VCU Engineering boosts percentage of women in computer science and electrical and computer engineering

A VINE workshop at the VCU School of Engineering.

“Stereotype threat” is a self-fulfilling phenomenon in which people — usually women and minorities — think they are at risk of being negatively stereotyped and end up conforming to those very stereotypes. For instance, studies have shown that even mentioning gender caused girls to perform worse than boys on math tests, said Lorraine Parker, Ph.D., the Virginia Commonwealth University School of Engineering director of diversity and student programs.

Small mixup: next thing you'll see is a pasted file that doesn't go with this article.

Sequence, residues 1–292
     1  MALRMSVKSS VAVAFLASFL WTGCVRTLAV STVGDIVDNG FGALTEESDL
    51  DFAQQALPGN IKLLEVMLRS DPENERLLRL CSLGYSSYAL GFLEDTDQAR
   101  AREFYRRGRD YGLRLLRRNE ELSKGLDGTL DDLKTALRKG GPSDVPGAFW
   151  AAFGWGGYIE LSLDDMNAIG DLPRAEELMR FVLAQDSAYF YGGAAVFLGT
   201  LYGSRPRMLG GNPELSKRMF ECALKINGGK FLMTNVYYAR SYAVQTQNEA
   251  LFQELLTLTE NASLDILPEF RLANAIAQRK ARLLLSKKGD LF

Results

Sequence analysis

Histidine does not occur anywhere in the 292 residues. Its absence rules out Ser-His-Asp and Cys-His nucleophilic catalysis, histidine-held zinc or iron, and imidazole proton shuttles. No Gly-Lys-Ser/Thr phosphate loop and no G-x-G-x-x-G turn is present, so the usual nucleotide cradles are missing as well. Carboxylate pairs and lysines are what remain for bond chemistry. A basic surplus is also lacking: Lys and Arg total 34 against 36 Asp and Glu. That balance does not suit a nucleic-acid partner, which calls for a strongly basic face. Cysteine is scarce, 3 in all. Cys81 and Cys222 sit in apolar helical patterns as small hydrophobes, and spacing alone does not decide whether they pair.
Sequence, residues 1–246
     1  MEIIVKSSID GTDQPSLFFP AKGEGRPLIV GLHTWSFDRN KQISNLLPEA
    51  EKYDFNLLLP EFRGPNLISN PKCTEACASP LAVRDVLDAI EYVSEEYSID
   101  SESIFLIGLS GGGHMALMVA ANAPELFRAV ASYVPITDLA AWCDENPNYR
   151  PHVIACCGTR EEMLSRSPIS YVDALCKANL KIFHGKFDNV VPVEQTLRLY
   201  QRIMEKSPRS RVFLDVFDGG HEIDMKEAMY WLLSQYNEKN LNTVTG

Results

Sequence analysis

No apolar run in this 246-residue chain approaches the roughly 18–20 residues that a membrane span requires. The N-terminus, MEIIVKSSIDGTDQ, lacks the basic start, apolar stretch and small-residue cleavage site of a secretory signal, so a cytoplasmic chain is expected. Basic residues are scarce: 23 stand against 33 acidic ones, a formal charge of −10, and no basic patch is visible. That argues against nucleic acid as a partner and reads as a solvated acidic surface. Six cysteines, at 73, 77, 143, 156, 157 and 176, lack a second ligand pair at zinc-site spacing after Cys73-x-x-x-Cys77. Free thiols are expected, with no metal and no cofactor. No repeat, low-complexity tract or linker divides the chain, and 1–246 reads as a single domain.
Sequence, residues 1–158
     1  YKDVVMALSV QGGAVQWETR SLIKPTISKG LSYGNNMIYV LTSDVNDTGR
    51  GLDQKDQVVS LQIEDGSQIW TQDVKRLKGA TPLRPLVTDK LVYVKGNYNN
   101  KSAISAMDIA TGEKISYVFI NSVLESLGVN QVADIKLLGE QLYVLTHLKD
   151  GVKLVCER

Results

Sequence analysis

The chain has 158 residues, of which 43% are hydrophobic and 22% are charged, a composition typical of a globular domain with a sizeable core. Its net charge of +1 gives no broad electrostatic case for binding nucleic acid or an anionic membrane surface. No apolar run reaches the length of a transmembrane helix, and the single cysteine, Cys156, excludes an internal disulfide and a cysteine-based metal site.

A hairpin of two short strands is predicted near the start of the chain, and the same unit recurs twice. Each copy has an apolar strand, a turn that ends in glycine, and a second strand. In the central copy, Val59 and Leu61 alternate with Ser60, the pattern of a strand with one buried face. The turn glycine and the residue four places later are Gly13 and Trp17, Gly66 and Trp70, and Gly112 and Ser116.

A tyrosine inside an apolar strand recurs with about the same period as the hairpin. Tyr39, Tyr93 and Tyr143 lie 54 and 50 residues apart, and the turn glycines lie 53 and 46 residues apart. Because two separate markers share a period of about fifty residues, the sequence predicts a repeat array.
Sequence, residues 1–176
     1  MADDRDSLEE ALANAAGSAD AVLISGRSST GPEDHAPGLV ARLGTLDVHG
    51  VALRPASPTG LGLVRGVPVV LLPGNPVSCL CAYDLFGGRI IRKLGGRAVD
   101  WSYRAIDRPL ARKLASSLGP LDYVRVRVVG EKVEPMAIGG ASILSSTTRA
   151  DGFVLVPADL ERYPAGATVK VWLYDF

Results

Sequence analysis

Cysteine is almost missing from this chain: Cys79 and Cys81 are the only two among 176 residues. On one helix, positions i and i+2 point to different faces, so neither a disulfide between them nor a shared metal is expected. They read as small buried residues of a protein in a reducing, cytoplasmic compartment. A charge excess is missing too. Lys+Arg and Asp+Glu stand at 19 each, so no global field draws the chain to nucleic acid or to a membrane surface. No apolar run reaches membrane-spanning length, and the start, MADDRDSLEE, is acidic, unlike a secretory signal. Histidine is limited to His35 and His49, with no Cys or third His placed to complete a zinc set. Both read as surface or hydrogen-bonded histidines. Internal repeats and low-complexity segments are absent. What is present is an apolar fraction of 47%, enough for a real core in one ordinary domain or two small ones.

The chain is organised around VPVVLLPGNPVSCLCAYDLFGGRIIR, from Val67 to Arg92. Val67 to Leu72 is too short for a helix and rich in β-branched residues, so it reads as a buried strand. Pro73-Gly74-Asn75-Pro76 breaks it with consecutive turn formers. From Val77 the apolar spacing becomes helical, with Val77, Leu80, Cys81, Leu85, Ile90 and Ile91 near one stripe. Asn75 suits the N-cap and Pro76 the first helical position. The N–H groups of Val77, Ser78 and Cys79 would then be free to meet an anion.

Parker cites one study in which both boys and girls took a math test and performed the same. Later, they were given another test but were asked to indicate their gender at the top of the paper. The girls tested much lower this time.

“It was just a very subtle reminder that, ‘Hey, you’re a girl,’ and suddenly the women did far worse,” Parker said. “[Society] says that women aren’t as good at math as boys. And if you remind them of that, even indirectly,” it can have detrimental effects.

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